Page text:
The wolf that disguises itself as the grandmother in the tale of Little Red Riding Hood shows the creature as a trickster, with malevolent intentions. However, the disguise isn’t very good and the little girl recognizes the wolf by its easily identifiable features—huge teeth and massive eyes—and so makes good her escape. Here, the wolf is also a sexual predator, another emblem of the animal that has endured since ancient times; the “wolf whistle” is aptly named and the tendencies of the wolf itself are well known. Like the wolf in the fairytale, its true nature is impossible to disguise for long, just like the proverbial “wolf in sheep’s clothing.” The wolf also has a reputation of being a loner, hunting not in packs but singly. In Greece, it was associated with the Gods Zeus and Apollo as a symbol of masculine power, energy, and sexuality. The Egyptians, too, worshipped the wolf, at the city of Lycopolis, which was even named for the creature. Here, the wolf also acted as a psychopomp, a creature that guided the souls of the dead into the Afterlife. Anubis, the greatest of all the conductors of souls, had the head of a wolf or of a wild dog or jackal. The God of Time, Chronos, has a wolf-like face, symbolizing the monster that devours human time. It was a wolf that suckled Romulus and Remus, the legendary founders of Rome. Despite this maternal care, the word lupa meant “prostitute” as well as “she-wolf” and the Lupercal Temples were effectively brothels. Continuing with this theme, there’s a saying in France that if a girl is a virgin she is said to n’a jamais vu le loup, i.e. to have never seen the wolf; the opposite is true for a girl who has lost her virginity. The werewolf is arguably the most sinister aspect of this creature. Warlocks were believed to be able to transform into wolves in order to disguise themselves when they traveled to their unholy meetings, and the belief in a wolf/human hybrid is prevalent throughout much of the world.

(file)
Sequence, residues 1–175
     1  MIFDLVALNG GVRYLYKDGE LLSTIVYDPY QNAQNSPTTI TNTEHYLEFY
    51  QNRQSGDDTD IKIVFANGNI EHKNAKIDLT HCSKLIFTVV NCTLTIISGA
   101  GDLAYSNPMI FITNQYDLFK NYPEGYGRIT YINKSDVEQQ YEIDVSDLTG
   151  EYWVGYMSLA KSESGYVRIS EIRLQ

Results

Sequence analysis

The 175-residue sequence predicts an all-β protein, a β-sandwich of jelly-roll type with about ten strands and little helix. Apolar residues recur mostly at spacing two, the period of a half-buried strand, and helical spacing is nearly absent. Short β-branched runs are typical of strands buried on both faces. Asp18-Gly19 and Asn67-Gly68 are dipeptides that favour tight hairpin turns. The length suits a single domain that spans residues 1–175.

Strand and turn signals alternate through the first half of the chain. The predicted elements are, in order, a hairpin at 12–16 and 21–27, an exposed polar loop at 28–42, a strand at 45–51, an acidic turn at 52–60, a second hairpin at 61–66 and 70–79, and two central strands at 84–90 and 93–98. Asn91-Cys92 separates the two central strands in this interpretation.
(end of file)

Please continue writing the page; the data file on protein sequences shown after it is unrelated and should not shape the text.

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Animals main description
THE SECRET SYMBOLS OF THE ANIMAL REALM
This section not only encompasses real animals, insects, and birds, but also takes a look at some of the more fantastical creatures that occupy a significant space in our collective psyche. The attributes of all our animals, real or otherwise, give us an incredibly rich and diverse catalog of symbols. Sometimes, the reasons behind these symbolic meanings are due to historical misconceptions about the habits of certain creatures, and probably date back to a time when we were less well informed than we are now. These curiosities—such as the beaver being a symbol of chastity because of the notion that it would rather eat its own testicles than be captured—give us a delightful insight into the minds of our ancestors.